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2007 - International Communication Association Pages: 28 pages || Words: 6844 words || 
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1. Leshner, Glenn., Vultee, Frederick. and Bolls, Paul. "When a Fear Appeal Isn’t a Fear Appeal: The Effects of Graphic Antitobacco Messages" Paper presented at the annual meeting of the International Communication Association, TBA, San Francisco, CA, May 23, 2007 Online <PDF>. 2020-02-22 <http://citation.allacademic.com/meta/p171296_index.html>
Publication Type: Conference Paper/Unpublished Manuscript
Abstract: The current study experimentally tested two types of common antitobacco television ad messages—those that contained a health threat about tobacco use (fear) and those that contained a negative graphic image (disgust)—on how viewers processed these messages. Informed by the Limited Capacity Model of Motivated Mediated Message Processing (LC4MP, A. Lang, 2006), we hypothesized that how well a message was processed depended on the type of emotional message content. In a 2 x 2 within-subjects experiment, participants watched antitobacco television ads that varied in the amount of fear and disgust content. The results of this study suggest that both fear and disgust content in antitobacco television ads have significant effects on resources allocated to encoding the messages and on recognition memory. Recognition was most accurate for messages that were high in fear but low in disgust. Messages that contained disgust were recognized faster than messages without, but having a disgusting image in a high-fear message decreased recognition latency. Secondary task reaction times indicated that the combination of fear and disgust reduced resources available for encoding compared to messages high in disgust but low in fear. The results are discussed in the context of coactivation theory and recommendations about message construction are offered to health campaign designers.

2018 - MPSA Annual Conference Words: 15 words || 
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2. Rogol, Natalie. "Appealing to the President's Interests: How the Solicitor General Decides which Cases to Appeal" Paper presented at the annual meeting of the MPSA Annual Conference, Palmer House Hilton, Chicago, IL, Apr 05, 2018 <Not Available>. 2020-02-22 <http://citation.allacademic.com/meta/p1350794_index.html>
Publication Type: Conference Paper/Unpublished Manuscript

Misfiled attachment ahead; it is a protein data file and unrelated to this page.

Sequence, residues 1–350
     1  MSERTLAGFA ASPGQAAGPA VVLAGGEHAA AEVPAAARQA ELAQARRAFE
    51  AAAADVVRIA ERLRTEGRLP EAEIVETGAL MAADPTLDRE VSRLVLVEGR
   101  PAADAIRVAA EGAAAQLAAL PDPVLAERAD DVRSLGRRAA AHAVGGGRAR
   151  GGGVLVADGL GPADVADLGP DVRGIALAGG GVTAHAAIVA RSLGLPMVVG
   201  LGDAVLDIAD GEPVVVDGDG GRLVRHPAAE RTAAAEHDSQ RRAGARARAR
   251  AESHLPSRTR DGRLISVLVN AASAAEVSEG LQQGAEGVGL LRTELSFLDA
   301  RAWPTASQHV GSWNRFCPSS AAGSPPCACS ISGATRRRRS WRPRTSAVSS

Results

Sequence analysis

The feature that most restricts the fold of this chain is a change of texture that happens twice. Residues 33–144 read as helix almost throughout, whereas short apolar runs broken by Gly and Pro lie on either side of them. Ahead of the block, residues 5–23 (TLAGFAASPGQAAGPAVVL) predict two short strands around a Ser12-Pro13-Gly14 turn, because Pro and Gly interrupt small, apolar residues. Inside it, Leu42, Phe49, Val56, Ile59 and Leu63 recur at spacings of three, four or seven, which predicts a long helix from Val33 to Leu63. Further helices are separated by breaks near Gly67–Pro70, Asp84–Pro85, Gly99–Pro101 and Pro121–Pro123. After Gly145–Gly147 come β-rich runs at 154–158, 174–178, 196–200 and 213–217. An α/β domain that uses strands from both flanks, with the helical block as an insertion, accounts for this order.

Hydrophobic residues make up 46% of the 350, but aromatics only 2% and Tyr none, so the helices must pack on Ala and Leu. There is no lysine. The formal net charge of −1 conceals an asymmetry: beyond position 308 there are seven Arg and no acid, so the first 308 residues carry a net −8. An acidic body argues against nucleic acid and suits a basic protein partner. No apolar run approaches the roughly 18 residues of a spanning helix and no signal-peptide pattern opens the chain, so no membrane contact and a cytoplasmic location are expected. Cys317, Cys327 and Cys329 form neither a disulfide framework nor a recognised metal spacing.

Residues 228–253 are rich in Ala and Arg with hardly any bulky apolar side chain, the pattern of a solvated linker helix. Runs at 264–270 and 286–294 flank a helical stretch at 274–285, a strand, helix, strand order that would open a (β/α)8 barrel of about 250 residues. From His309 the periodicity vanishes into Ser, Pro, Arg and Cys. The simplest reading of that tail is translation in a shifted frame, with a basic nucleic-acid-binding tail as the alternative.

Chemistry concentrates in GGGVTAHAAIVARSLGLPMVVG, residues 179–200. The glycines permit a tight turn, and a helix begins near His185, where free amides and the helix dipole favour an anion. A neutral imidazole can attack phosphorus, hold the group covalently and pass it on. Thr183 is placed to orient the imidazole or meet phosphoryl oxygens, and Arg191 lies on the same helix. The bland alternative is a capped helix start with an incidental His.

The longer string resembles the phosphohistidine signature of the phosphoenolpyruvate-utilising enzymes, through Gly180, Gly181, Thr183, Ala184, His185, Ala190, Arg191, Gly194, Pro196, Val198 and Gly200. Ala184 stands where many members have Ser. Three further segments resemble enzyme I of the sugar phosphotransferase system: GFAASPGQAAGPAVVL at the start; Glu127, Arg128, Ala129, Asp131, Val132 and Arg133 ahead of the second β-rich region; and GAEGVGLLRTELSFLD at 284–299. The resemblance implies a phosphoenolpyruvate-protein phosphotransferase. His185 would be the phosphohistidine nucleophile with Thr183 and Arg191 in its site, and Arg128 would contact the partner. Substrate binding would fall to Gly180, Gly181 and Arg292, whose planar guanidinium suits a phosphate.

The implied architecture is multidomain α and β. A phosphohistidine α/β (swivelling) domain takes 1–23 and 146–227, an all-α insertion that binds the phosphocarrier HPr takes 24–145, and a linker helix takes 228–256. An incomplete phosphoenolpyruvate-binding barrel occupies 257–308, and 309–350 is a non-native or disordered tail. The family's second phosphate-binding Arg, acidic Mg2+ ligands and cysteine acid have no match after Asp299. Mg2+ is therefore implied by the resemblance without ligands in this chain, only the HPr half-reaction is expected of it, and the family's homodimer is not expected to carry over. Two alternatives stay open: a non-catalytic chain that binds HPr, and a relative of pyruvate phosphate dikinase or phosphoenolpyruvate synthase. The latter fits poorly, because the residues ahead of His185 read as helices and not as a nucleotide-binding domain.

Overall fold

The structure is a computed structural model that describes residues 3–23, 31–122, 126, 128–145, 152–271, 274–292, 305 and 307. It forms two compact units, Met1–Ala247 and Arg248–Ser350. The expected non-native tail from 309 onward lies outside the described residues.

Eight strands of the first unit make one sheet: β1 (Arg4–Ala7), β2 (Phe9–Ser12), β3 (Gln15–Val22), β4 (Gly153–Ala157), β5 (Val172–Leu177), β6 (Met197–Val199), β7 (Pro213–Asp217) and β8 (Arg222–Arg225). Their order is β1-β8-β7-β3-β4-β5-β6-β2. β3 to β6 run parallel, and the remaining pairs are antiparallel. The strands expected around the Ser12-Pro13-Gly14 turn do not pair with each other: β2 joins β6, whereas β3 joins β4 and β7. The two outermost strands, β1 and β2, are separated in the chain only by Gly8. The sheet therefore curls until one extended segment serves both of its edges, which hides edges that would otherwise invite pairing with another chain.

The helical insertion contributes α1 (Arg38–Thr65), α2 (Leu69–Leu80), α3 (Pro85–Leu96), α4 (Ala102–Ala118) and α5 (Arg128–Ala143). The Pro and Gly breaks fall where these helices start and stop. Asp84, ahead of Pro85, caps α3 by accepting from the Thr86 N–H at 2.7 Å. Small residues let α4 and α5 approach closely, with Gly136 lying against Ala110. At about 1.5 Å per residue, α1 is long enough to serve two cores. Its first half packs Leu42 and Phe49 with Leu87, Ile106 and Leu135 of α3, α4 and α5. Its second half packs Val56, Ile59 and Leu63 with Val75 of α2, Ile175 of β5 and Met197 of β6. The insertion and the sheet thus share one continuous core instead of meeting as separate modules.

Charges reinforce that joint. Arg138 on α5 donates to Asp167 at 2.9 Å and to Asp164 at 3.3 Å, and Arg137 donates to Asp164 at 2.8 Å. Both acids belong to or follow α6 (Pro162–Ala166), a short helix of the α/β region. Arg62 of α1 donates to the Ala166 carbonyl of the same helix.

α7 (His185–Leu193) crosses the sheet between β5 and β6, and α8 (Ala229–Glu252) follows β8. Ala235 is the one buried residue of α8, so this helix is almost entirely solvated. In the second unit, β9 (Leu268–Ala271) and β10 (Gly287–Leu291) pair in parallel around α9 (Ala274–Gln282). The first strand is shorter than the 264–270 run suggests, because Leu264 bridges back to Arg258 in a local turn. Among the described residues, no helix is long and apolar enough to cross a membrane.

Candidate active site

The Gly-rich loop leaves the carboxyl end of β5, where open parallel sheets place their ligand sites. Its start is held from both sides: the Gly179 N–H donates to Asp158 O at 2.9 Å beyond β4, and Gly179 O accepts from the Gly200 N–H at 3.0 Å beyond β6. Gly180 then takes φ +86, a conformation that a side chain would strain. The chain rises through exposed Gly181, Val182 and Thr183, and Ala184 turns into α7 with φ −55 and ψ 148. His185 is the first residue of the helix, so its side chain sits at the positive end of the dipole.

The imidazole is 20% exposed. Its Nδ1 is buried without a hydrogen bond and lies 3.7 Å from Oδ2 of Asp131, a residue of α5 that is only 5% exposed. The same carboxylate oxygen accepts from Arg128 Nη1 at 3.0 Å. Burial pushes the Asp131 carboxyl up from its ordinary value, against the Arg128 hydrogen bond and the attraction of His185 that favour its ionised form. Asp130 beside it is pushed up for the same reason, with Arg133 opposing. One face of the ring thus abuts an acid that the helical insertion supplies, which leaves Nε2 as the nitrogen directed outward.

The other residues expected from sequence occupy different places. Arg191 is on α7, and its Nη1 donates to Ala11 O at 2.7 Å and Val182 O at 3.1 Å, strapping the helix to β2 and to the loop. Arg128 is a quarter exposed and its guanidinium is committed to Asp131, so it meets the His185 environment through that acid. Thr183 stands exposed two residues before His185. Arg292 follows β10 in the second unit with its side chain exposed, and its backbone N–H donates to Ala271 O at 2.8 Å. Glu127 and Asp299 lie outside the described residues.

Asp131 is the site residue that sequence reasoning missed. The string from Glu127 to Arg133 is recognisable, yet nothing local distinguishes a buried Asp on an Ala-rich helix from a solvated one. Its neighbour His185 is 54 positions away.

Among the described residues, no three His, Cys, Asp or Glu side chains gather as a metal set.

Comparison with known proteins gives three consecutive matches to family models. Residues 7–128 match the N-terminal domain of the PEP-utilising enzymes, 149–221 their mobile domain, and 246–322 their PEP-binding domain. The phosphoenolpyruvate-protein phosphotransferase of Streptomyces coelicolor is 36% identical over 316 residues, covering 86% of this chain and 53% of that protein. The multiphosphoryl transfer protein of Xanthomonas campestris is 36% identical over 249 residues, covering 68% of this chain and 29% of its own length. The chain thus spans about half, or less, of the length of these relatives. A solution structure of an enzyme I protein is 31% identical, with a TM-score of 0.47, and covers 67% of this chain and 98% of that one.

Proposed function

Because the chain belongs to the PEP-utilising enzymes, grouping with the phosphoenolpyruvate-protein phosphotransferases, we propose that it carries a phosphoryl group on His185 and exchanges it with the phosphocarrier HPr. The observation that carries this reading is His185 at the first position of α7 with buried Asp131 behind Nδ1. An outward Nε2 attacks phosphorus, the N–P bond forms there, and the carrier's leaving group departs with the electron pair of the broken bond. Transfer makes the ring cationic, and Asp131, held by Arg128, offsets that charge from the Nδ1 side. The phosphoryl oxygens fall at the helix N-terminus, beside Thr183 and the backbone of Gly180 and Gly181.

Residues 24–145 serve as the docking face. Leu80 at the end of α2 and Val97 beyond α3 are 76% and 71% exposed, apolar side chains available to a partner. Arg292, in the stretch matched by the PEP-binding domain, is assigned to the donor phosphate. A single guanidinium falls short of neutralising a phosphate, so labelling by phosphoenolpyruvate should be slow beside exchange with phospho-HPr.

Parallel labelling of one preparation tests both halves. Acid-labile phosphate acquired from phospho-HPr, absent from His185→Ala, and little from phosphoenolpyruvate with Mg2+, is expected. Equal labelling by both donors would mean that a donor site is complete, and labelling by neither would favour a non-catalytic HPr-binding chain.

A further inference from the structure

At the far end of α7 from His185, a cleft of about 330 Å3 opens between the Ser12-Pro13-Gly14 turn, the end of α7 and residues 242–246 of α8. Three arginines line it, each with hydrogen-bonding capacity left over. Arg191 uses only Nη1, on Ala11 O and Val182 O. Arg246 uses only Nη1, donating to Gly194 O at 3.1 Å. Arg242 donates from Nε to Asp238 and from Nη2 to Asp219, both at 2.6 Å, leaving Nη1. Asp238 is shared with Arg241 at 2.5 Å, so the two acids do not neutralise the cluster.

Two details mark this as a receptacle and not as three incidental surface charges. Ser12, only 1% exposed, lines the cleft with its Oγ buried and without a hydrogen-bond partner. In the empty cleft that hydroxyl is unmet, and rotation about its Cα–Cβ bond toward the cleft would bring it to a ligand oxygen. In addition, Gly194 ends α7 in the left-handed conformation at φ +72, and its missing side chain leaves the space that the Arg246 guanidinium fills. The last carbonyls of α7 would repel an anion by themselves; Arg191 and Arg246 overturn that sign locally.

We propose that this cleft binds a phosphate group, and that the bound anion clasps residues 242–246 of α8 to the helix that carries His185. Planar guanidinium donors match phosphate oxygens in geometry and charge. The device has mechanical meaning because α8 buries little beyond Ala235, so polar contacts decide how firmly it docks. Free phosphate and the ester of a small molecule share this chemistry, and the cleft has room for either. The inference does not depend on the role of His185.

Review Method: Peer Reviewed
Abstract: Solicitor Generals are more likely to appeal cases in issue areas important to the president.

2005 - American Political Science Association Pages: 33 pages || Words: 10256 words || 
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3. Sulkin, Tracy., Moriarty, Cortney. and Hefner, Veronica. "Shoring Up the Base or Broadening Appeal?: Comparing Candidates' Issue Appeals in Campaign Websites and Television Ads" Paper presented at the annual meeting of the American Political Science Association, Marriott Wardman Park, Omni Shoreham, Washington Hilton, Washington, DC, Sep 01, 2005 <Not Available>. 2020-02-22 <http://citation.allacademic.com/meta/p41631_index.html>
Publication Type: Conference Paper/Unpublished Manuscript
Review Method: Peer Reviewed
Abstract: We explore differences in House candidates’ campaign agendas across their websites and televised ads, comparing the size and scope of their on- and off-line agendas, their patterns of issue ownership and issue trespassing, and the nature of their issue claims. Our results, based on a sample of 132 candidates in the 2000 election, indicate that web and ad agendas are similar in a number of ways, but that differences do exist across the venues in the issues that candidates discuss and the ways in which they discuss them. These differences have important theoretical implications for our understanding of candidate behavior and campaign effects, as well as important practical implications for political communication researchers choosing venues for study.

2017 - ICA's 67th Annual Conference Pages: unavailable || Words: unavailable || 
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4. Schmuck, Desiree. "Effects of Economic and Symbolic Threat Appeals in Right-Wing Populist Advertising on Anti-Immigration Attitudes: The Impact of Visual and Verbal Appeals" Paper presented at the annual meeting of the ICA's 67th Annual Conference, Hilton San Diego Bayfront, San Diego, USA, May 24, 2017 Online <APPLICATION/PDF>. 2020-02-22 <http://citation.allacademic.com/meta/p1232704_index.html>
Publication Type: Conference Paper/Unpublished Manuscript
Review Method: Peer Reviewed
Abstract: This study investigates how symbolic and economic threat appeals in right-wing populist advertisements influence individuals’ attitudes toward immigration and tests the underlying mechanisms and boundary conditions of these effects. Findings of an experimental study with a quota sample of 471 participants reveal that, overall, symbolic threat appeals exert stronger effects on anti-immigration attitudes than economic threat appeals. Textual symbolic threat appeals affected anti-immigration attitudes of lower-educated voters by evoking intergroup anxiety and negative stereotypes. The additional presence of a stereotypical image amplifies the effects of the symbolic threat appeal and activates perceived symbolic threats, intergroup anxiety, and negative stereotypes among all individuals regardless of their education level, which resulted in stronger resentments toward immigration. Economic text appeals only affected anti-immigrant attitudes when combined with a stereotypic image via the activation of negative stereotypes. Implications of these findings are discussed.

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